Hooks for change? Family and employment as pathways to social inclusion among crime-prone individuals
Empirically investigate how labour market involvement and family events interact in promoting social integration and reduce crime among crime-prone individuals at the fringes of society.
- Project manager
- Torbjørn Skardhamar
- Oddbjørn Raaum, Bernt Bratsberg, Ole Jørgen Røgeberg, Knut Røed (The Frisch Center for Economic Research)
- The Norwegian Research Council (VAM-program)
- Project term
- 01.01.2011 - 31.12.2014
- Project status
- Research field
About the Project
Motivated by the idea that the most effective crime prevention measures are based on a high degree of inclusion in social arenas, this project studies the interactions between criminal activity, family events and labour market outcomes, focusing on how employment, partnerships and parenthood represent pathways to social inclusion among crime-prone individuals. Employment represents a possible turning point for deviant individuals. It provides access to legal income, imposes structure through routines and schedules, and strengthens self-esteem. Family formation and parenthood may offer an opportunity to rewrite one's 'life script' with a new social role and identity, and with increased motivation and support for legal employment. Thus, employment and family may be important resources in crime reducing polices and rehabilitative initiatives.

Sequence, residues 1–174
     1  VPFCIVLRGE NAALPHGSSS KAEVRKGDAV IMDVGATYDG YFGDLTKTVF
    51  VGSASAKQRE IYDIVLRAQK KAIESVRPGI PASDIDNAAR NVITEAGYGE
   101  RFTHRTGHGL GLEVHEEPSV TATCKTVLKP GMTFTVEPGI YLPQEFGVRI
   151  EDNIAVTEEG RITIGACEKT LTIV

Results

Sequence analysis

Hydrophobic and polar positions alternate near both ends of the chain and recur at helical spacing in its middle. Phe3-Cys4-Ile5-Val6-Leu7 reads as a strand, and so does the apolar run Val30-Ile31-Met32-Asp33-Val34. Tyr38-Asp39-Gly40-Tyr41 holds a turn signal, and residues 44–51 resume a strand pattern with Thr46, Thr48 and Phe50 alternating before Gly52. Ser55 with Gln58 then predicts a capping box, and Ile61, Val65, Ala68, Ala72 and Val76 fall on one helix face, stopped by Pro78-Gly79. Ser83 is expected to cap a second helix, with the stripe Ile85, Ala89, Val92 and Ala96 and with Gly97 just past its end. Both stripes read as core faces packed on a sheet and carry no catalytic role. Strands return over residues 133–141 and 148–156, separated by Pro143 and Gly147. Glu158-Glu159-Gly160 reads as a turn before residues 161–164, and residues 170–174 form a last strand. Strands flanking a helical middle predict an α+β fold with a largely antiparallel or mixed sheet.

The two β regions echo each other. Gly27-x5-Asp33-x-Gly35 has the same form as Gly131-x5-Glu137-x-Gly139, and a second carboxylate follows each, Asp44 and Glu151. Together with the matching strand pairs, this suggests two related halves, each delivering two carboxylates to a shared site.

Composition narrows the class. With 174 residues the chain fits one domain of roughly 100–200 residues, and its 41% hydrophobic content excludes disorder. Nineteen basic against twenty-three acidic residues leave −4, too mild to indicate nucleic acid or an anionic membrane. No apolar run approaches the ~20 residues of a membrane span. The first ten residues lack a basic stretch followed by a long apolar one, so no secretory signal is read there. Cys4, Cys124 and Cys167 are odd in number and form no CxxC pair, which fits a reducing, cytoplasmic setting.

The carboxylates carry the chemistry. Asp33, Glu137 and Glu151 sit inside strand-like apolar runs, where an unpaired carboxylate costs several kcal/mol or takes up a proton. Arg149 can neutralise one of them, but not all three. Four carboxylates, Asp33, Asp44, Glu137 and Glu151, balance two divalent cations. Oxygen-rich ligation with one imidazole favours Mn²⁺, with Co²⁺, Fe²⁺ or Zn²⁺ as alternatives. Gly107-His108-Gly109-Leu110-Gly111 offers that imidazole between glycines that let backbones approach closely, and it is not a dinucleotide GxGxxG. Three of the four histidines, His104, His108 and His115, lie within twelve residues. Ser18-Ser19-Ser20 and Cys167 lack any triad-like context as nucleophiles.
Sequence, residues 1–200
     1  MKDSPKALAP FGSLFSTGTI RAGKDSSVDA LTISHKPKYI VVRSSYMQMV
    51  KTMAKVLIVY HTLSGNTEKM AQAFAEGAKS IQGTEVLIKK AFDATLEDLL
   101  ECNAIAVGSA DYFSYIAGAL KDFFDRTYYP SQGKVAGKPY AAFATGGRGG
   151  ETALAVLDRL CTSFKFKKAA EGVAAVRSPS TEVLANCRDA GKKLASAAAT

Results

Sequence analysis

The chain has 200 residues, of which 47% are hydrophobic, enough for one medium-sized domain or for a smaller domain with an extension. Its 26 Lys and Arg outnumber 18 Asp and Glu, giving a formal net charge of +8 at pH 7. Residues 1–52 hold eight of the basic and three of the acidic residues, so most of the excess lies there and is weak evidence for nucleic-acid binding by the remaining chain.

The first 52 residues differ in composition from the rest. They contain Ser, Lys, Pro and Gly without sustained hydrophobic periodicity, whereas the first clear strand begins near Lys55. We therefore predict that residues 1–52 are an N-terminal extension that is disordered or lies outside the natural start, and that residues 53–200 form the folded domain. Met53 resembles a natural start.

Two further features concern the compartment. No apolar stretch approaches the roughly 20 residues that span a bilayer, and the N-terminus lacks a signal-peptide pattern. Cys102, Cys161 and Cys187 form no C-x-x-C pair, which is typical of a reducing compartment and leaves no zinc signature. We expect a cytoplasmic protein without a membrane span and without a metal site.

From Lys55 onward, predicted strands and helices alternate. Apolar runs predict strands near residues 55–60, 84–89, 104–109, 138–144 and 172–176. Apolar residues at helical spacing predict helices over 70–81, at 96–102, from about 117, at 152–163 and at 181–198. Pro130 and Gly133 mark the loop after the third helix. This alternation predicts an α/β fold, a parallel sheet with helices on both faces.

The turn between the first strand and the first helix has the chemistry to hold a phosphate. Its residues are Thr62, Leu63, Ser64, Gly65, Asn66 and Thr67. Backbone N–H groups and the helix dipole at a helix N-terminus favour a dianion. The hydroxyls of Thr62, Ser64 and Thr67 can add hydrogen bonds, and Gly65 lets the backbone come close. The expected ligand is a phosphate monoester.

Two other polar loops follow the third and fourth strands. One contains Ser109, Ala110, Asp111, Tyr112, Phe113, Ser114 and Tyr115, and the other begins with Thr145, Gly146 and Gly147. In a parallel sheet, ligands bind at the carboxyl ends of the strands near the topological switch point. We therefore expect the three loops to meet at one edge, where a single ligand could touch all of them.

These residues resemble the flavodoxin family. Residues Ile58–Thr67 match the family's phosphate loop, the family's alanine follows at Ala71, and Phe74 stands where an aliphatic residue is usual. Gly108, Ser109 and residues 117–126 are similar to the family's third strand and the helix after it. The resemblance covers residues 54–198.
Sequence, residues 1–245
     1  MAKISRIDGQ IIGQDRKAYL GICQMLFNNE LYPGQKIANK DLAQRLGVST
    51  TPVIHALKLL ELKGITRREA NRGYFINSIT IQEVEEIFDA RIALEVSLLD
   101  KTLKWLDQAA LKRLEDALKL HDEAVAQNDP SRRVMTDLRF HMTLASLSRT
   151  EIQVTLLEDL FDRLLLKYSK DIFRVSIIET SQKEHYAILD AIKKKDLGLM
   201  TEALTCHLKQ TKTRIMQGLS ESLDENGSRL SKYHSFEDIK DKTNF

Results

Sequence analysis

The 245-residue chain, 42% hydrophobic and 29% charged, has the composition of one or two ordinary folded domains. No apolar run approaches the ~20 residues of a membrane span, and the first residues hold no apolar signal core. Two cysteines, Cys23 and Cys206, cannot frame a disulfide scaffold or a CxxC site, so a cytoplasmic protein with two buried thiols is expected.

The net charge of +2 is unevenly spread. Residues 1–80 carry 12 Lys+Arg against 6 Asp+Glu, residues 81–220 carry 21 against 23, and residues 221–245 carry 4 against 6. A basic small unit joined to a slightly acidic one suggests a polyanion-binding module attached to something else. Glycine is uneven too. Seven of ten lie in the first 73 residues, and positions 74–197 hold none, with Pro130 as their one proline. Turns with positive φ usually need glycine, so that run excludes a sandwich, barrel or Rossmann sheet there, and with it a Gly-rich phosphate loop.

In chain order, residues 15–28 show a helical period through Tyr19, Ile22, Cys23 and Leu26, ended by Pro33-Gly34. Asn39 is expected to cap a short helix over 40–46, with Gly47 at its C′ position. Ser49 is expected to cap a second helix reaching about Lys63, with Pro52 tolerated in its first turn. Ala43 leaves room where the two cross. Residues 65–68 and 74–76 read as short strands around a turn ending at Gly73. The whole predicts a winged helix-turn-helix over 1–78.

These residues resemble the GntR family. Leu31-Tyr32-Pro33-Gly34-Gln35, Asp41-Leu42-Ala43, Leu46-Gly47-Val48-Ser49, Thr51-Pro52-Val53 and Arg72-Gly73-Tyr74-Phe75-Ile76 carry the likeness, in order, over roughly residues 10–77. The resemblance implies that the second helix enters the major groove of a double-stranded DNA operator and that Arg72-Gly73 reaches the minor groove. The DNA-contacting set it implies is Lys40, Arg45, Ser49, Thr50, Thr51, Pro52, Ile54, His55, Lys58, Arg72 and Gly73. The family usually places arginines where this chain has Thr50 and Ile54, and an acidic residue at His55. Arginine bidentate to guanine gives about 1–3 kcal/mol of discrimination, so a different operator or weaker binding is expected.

The Norwegian register data contains information that is particularly well suited for this task, and they open new avenues for research on the dynamics of work, family and crime. In addition to addressing new research questions, the richness of the data also allows use of sophisticated statistical methods, like complex life-course transition models accounting for unobserved heterogeneity as well as methods suited to identify causal mechanisms.
The primary objective is to empirically investigate how labour market involvement and family events interact in promoting social integration and reduce crime among crime-prone individuals at the fringes of society.
Secondary objectives includes:
1. Describe how involvement in crime develops around the time of events such as employment, job displacement, family formation and family dissolution
2. Study interactions between work, family and crime simultaneously in a unified framework which accounts for unobserved heterogeneity
3. Utilize sources of exogenous variation to estimate causal effects of labour market programs and peer effects on crime
4. Describe and estimate how criminal charges and punishment during adolescence affect adult outcomes like labour force participation and family structure
5. Do comparative analyses using detailed register data from the Nordic countries and surveys from the United States
6. Provide explicit analyses by gender and immigrant background throughout the studies